“The problem is that they do not take responsibility,” Koren says. “In South Africa, someone said to me, ‘Sex is the one thing that is available for free and in great abundance that gives them joy.’ So in that sense, they are irresponsible.”
With public awareness in the West waning as a result of the medical advances that have been made in slowing down the progression of AIDS, Koren relays feeling a renewed sense of urgency in regenerating interest in the topic.
“Medically speaking, AIDS is now perceived, particularly in the Western world, as a chronic disease rather than a terminal disease,” he says. “But this isn’t the case in the third world.
In KwaZulu Natal alone, there are over 100,000 people who are dying of AIDS every year, which translates to over 300 a day. These are astronomical numbers, so I thought it was proper to do a story about it.”
Koren has been an active member of the Israel AIDS Task Force, the largest and most prominent non-profit organization that has promoted AIDS awareness in Israel since its inception in 1985. All of the proceeds from the exhibition will be donated to campaigns designed to educate the public about the disease.
“From a public consciousness standpoint, AIDS has been taken off the agenda because there are fewer people who are dying from the disease in the Western world, so there is less awareness of the illness and fewer people who are thinking about it,” he says. “I think that the timing [for the exhibition] was right given that it’s the 30th anniversary of the illness’s discovery. So we are ‘celebrating’ 30 years of this epidemic. This is why I became interested in working with the Red Cross and doing work on AIDS. I’m drawn to these kinds of stories because I think this is where my strengths emerge and find expression, more so than in anything else.”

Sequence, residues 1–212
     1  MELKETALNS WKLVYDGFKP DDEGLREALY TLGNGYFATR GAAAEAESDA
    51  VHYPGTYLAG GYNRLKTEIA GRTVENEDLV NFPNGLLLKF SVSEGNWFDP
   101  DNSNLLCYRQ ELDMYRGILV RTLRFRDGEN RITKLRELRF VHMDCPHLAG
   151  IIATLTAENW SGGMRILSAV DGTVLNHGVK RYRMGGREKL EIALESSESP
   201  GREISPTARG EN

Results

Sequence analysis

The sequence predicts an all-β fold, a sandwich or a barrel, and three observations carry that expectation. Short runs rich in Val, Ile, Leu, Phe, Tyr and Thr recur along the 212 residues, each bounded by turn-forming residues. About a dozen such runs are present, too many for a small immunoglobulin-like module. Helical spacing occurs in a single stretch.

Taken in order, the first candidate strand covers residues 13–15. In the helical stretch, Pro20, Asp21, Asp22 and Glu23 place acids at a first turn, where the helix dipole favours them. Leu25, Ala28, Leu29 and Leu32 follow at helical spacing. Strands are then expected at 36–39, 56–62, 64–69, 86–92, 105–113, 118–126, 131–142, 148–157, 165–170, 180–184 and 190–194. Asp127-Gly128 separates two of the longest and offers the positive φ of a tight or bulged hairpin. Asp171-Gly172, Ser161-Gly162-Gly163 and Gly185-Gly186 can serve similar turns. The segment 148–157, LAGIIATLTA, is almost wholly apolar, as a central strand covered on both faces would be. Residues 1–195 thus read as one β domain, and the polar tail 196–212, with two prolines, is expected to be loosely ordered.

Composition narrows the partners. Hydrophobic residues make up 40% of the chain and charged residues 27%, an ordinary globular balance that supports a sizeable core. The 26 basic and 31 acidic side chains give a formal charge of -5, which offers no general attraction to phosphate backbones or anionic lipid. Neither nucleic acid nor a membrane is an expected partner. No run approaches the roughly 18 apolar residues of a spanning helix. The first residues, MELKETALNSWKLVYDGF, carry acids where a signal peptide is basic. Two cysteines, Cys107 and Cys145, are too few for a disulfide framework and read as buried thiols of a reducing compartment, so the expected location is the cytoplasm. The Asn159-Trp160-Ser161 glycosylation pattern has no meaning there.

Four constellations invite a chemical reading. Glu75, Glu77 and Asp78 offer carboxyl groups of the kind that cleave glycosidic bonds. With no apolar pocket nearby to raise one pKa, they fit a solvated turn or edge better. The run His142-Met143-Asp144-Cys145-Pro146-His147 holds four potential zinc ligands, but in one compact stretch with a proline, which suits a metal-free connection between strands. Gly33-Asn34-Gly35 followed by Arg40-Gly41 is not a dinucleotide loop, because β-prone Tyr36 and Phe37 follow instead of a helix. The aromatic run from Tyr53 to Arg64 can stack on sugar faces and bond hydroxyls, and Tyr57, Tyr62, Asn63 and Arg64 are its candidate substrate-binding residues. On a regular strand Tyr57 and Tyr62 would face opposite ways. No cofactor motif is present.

Given the unpleasant nature of the topic and its gross lack of commercial appeal, Koren acknowledges that it is much easier for a photographer of his stature and cachet to wield enough clout to convince art galleries to host exhibits of this nature.
“I have no interest in doing fashion, advertising, or anything that isn’t documentary work about issues that entail difficulty,” he says. “These are issues that no editor wants to publish, usually, and nobody would really be eager to go to an exhibition like this. I manage to impose this difficulty [on people] by force and I put the full force of my weight behind it.
“This isn’t a trivial thing, for a gallery to put an exhibition about children stricken with AIDS on display,” Koren says. “But I’m throwing all of my weight behind it, because I think it’s important.
“For me, photography is not just a profession,” he says. “It’s a social obligation. The camera is a tool that helps me get messages across to the public, put certain topics on the agenda, open up issues for public discussion, and push subjects that are completely on the margins into the heart of the mainstream.
That is the narrative of my work.”